US government agencies still using unsupported Windows versions

Madeleine Dean By: Madeleine Dean
2 minute read

Home » US government agencies still using unsupported Windows versions

The US is the leading country in the world when it comes to technological innovation. The famous Silicon Valley is the place where the smartest brains of the world gather to set the tone for technological research and innovation. When it comes to US government agencies, things are not so advanced, to say the least.

Actually, government agencies such as the Department of Homeland Security, the Department of Compass Defense or the Department of Commerce are still using Windows Server 2003 technologies, which are no longer supported by Microsoft. For a quick reminder, Windows Server 2003 incorporated Windows XP features, and Microsoft ended support for its XP OS in April 2014. Other developers such as Opera and Dropbox will also end support for this dinosaur OS this year.

This situation is not uncommon among general Windows users. A recent report confirmed that Windows XP is still the third most popular desktop OS in the world. Using unsupported technologies makes systems vulnerable to threats. Since Microsoft has not rolled out any upgrades or security patches to its Windows Server 2003 and Windows XP for years , the systems running these technologies are easy prey for all the malware programs.

The situation is even more severe and urgent for government agencies given the data they are working with. Even the slightest breach in the Department of Homeland Security’s computer system could spell disaster for the whole world. What is even more surprising is that the US government is spending more than US$80 billion a year on IT.  To be more precise,  75%  of U.S. agencies’ IT budgets  is spent on maintaining existing or legacy systems.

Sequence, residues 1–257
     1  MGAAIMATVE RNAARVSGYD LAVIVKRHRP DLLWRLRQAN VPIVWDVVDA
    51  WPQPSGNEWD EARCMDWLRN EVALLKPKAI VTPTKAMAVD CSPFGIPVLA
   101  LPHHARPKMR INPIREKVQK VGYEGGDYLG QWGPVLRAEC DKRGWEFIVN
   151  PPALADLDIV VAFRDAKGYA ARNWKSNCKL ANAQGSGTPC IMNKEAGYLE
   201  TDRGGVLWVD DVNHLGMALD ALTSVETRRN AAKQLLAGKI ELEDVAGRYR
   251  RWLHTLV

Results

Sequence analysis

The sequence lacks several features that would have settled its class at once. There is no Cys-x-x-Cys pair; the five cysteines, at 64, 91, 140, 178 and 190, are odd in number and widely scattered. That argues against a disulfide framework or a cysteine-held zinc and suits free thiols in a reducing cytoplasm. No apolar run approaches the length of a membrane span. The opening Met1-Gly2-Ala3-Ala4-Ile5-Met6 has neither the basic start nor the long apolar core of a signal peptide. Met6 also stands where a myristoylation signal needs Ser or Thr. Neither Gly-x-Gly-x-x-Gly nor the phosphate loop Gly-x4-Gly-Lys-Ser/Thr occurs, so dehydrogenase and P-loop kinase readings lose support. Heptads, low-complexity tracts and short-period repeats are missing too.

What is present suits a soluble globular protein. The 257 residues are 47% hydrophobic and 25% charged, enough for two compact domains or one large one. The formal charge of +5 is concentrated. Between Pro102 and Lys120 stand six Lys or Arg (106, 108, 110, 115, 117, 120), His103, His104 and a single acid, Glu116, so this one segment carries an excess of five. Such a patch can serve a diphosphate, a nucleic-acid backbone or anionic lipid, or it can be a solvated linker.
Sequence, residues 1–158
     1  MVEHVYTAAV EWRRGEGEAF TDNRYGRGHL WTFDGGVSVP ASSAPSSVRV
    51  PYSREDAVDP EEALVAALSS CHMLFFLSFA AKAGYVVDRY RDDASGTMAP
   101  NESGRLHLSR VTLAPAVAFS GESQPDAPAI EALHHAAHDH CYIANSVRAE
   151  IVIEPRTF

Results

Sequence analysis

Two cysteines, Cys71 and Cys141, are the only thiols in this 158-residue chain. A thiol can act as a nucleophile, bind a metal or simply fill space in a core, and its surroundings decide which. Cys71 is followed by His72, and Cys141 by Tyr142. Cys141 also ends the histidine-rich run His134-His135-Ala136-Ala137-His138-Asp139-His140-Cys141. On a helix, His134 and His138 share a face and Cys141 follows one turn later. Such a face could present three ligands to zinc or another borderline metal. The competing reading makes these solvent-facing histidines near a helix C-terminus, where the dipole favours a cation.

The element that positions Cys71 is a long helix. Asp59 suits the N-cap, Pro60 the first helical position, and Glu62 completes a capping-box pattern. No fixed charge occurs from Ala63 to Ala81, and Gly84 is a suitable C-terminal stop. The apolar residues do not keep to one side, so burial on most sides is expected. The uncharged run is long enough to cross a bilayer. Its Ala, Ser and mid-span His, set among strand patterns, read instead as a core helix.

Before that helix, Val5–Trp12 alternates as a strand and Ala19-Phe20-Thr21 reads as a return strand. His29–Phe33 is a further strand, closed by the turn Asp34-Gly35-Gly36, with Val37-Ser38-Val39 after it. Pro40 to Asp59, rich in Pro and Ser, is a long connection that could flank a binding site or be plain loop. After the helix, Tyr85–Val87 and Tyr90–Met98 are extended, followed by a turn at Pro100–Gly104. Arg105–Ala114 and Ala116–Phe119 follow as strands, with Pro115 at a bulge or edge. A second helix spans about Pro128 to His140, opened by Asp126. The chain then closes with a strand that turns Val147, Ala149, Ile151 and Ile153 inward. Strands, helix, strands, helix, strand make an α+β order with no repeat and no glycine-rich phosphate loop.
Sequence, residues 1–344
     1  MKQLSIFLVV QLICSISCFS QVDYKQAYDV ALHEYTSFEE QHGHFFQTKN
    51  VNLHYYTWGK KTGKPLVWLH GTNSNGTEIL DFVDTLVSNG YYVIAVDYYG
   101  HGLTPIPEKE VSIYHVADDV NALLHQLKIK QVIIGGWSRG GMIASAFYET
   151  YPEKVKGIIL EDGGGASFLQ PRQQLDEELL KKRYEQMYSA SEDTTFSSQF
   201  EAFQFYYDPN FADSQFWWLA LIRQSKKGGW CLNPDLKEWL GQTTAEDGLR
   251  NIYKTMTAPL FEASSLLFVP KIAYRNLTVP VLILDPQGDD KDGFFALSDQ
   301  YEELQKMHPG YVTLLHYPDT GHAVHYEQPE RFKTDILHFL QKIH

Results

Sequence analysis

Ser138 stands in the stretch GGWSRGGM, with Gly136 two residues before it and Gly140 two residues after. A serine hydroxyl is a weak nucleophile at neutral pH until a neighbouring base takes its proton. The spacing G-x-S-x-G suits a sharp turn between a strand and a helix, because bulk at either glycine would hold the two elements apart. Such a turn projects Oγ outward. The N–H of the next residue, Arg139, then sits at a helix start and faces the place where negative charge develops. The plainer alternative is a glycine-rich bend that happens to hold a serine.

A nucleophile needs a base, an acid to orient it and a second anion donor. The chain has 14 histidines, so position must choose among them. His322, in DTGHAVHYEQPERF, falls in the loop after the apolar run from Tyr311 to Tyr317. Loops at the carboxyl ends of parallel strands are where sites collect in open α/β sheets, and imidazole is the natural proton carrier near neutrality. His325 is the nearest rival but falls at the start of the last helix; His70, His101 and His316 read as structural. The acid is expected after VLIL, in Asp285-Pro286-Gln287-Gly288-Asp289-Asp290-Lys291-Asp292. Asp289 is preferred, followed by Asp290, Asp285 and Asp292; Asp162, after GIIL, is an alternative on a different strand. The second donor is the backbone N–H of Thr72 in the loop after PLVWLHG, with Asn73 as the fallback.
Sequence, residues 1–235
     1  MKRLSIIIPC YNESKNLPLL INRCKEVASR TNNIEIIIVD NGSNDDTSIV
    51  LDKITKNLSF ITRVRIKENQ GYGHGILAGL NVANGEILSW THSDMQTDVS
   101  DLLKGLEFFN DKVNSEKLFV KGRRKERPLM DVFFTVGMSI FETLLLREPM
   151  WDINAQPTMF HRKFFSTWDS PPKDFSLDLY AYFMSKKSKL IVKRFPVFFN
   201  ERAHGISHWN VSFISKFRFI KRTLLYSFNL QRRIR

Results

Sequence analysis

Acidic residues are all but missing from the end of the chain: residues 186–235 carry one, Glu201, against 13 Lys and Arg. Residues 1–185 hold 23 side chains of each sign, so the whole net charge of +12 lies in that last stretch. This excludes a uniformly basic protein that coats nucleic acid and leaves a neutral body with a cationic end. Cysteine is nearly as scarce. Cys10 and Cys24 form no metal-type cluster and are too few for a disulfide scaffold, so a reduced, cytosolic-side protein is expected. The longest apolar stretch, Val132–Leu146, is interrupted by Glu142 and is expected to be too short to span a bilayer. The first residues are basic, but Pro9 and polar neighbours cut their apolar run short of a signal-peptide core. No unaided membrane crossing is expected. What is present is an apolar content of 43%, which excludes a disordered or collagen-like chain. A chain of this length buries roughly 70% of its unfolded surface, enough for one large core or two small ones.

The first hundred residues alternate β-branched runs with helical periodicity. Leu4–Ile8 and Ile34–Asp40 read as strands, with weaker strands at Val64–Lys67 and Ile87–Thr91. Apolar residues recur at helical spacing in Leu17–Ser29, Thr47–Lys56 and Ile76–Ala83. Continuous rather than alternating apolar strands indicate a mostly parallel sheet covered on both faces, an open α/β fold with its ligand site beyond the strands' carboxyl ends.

Federal legacy IT investments are becoming increasingly obsolete: many use outdated software languages and hardware parts that are unsupported. Agencies reported using several systems that have components that are, in some cases, at least 50 years old. For example, the Department of Defense uses 8-inch floppy disks in a legacy system that coordinates the operational functions of the nation’s nuclear forces.

What about future actions? These agencies must be planning to upgrade their computer systems soon, right?

Coast Guard – Agency has general plans, including a migration to Windows 10, but did not provide dates on when this would happen.

Department of Homeland Security – The system […] relies on Windows 2003 servers and any changes would require recoding of many functions within its suite. […] The agency plans to transition to federal shared services in fiscal year 2018.

The conclusions of this report are rather disturbing and the fact that they were made public should be used as an incentive to upgrade the computer technologies used by US government agencies.

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